What does school break-ins have to do with anything? The armed staffer would carry concealed.

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Response to GreenStormCloud (Reply #16)

Tue Apr 2, 2013, 03:48 PM

17. "They will get guns, no matter what laws you pass."

Prove it.

Do you realize the size of so many of our schools? What makes you think the "guard" will respond faster than the police? What if the staff member is the shooter?

This is a stupid fucking proposal made by an organization that is funded by blood money.

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Response to ellisonz (Reply #17)

Tue Apr 2, 2013, 04:47 PM

19. Common sense.

The staffer is at the school. The police are where ever the patrol cars happen to be. The police have to get there, while the staffer is there. Being there is faster than getting there.

What if the staff member is the shooter? You can play "what if" all day long. What if an astroid strikes? What if there is a tornado coming while the rampager is there and has brought a guard dog with him?

The proposal isn't stupid. You just don't like it because you are anti-gun. You think that guns are a magical item that radiates evil.

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Response to GreenStormCloud (Reply #19)

Tue Apr 2, 2013, 05:17 PM

23. You're The One Who Thinks Guns Are "Magical Items."


You and the rest of our resident Gun Enthusiasts. You whine when you're accused of proposing nothing more than "More Guns!" as a solution, and yet here you are again, you and the NRA, proposing nothing more than "More Guns!" As if that's proved in any way to be effective.

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Response to Paladin (Reply #23)

Tue Apr 2, 2013, 05:24 PM

24. So letting the rampager keep killing is a solution, according to you.

When you call for the police, you are calling for more guns. A trained, armed staffer cuts the response time.

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Response to GreenStormCloud (Reply #24)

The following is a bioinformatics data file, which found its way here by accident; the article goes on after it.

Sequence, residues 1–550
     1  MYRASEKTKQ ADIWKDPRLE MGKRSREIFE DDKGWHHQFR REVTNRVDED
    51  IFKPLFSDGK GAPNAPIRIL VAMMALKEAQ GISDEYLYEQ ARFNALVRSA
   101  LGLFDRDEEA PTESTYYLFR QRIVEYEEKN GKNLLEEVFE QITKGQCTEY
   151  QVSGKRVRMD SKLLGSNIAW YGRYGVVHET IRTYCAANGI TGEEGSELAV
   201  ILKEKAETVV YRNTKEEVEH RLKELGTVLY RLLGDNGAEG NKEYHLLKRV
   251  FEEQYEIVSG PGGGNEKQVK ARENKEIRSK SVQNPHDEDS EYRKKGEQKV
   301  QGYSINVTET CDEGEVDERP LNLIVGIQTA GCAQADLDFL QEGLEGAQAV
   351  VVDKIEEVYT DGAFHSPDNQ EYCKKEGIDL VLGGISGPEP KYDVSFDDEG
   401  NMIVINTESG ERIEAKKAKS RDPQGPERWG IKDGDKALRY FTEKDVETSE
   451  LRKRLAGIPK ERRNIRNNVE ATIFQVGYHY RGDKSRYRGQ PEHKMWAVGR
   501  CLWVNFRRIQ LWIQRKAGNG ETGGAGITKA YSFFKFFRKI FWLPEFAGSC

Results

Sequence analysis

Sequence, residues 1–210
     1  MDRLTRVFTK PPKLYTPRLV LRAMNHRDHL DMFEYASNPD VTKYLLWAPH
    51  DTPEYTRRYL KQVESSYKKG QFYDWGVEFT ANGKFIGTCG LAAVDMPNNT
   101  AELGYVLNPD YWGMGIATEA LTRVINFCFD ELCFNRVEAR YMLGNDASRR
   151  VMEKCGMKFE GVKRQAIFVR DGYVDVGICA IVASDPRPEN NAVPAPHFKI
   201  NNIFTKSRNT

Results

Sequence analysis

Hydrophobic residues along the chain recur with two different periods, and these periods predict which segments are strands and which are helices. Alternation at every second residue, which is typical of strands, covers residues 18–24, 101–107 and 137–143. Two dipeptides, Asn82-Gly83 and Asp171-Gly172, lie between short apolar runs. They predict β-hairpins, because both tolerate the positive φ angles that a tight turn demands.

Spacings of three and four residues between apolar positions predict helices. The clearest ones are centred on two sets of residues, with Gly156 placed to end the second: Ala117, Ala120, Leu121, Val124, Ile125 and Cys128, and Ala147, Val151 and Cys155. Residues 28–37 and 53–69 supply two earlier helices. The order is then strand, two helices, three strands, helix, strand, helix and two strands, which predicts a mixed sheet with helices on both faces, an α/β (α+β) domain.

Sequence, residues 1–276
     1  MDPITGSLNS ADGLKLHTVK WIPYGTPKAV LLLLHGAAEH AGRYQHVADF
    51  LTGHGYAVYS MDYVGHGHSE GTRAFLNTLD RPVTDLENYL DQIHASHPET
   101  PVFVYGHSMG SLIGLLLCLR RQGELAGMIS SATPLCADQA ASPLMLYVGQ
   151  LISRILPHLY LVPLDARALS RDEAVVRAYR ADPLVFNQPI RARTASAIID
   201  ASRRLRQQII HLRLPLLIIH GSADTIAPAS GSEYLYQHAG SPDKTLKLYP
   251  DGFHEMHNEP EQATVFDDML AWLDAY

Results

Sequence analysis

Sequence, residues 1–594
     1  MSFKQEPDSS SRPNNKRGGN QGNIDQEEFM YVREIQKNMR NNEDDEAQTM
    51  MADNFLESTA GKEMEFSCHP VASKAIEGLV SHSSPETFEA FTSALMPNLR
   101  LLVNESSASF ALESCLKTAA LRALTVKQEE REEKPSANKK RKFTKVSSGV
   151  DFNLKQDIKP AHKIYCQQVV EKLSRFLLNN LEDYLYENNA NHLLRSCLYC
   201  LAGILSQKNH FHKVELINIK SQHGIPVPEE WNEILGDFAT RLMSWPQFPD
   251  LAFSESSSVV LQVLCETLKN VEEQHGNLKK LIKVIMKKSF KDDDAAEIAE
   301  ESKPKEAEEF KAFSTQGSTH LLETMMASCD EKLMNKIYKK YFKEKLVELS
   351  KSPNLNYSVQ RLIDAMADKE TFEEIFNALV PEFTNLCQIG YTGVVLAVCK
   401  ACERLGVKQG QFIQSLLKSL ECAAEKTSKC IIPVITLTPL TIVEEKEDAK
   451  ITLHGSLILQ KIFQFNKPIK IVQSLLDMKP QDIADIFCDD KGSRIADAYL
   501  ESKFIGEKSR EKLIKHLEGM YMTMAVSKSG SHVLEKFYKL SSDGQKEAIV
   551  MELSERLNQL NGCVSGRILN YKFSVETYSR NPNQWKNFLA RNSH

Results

Tue Apr 2, 2013, 07:53 PM

40. I guess you're beyond the point.....

...of wanting schools, offices, shopping malls, movie theaters, etc. to be free of guns. I guess that sort of world is just something folks like you have given up on. For you, it's just a question of arming up and taking on the Bad Guys, and the sooner the better. And maybe that's where we are---God knows, our free-and-easy gun laws have allowed untold numbers of sick people to acquire arms and ammunition with ease, and there are probably years of Newtown-like tragedies in our future. That being said, it doesn't mean we should be happy and accepting of the situation. I refuse to believe you're on the correct side of this issue, that more guns is the solution to the problem. And I say that as a life-long gun owner, as somebody who put his guns away when the shooting sports in this country became radicalized to the point I no longer wanted to be associated with them. There's got to be a better way than the dark avenue the gun militancy movement is going down.

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Response to GreenStormCloud (Reply #16)

Tue Apr 2, 2013, 06:46 PM

29. Sure. And while we're at it, let's limit the # of bullets the killer can spew on everyone.

Oh wait, we can't do that cuz' some hunter or sportsman/woman might have to reload to play. Well then let's background people. SHoot can't do that either. It might lead to profiling.

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Response to MichiganVote (Reply #29)

Tue Apr 2, 2013, 06:57 PM

32. The VT killer used standard magazines.

He reloaded 17 times, and killed more people than the Sandy Hook killer did.

The Luby's killer used standard magazines and reloaded and killed a bunch of folks.

The OKC bomber did use any guns and killed 168 people including 19 children under 6.

In the Happy Land nightclub fire an arsonist killed 87 people with gasoline and two matches.

Do you really think that limiting magazine size will accomplish anything?

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Response to GreenStormCloud (Reply #32)

Tue Apr 2, 2013, 07:04 PM

33. So in actuality, your solution is just to do nothing. Just let the kids take care of themselves

That's the same thinking that slaughtered the kids at Columbine and in countless other schools.

And yes, until it is proven--not conjecture--that limiting the size of magazines will not deter 75% of the killings in this country, I have no problem with it. Since you and others have not proven that, I'm only going to piss you and others off by stating the simple truth: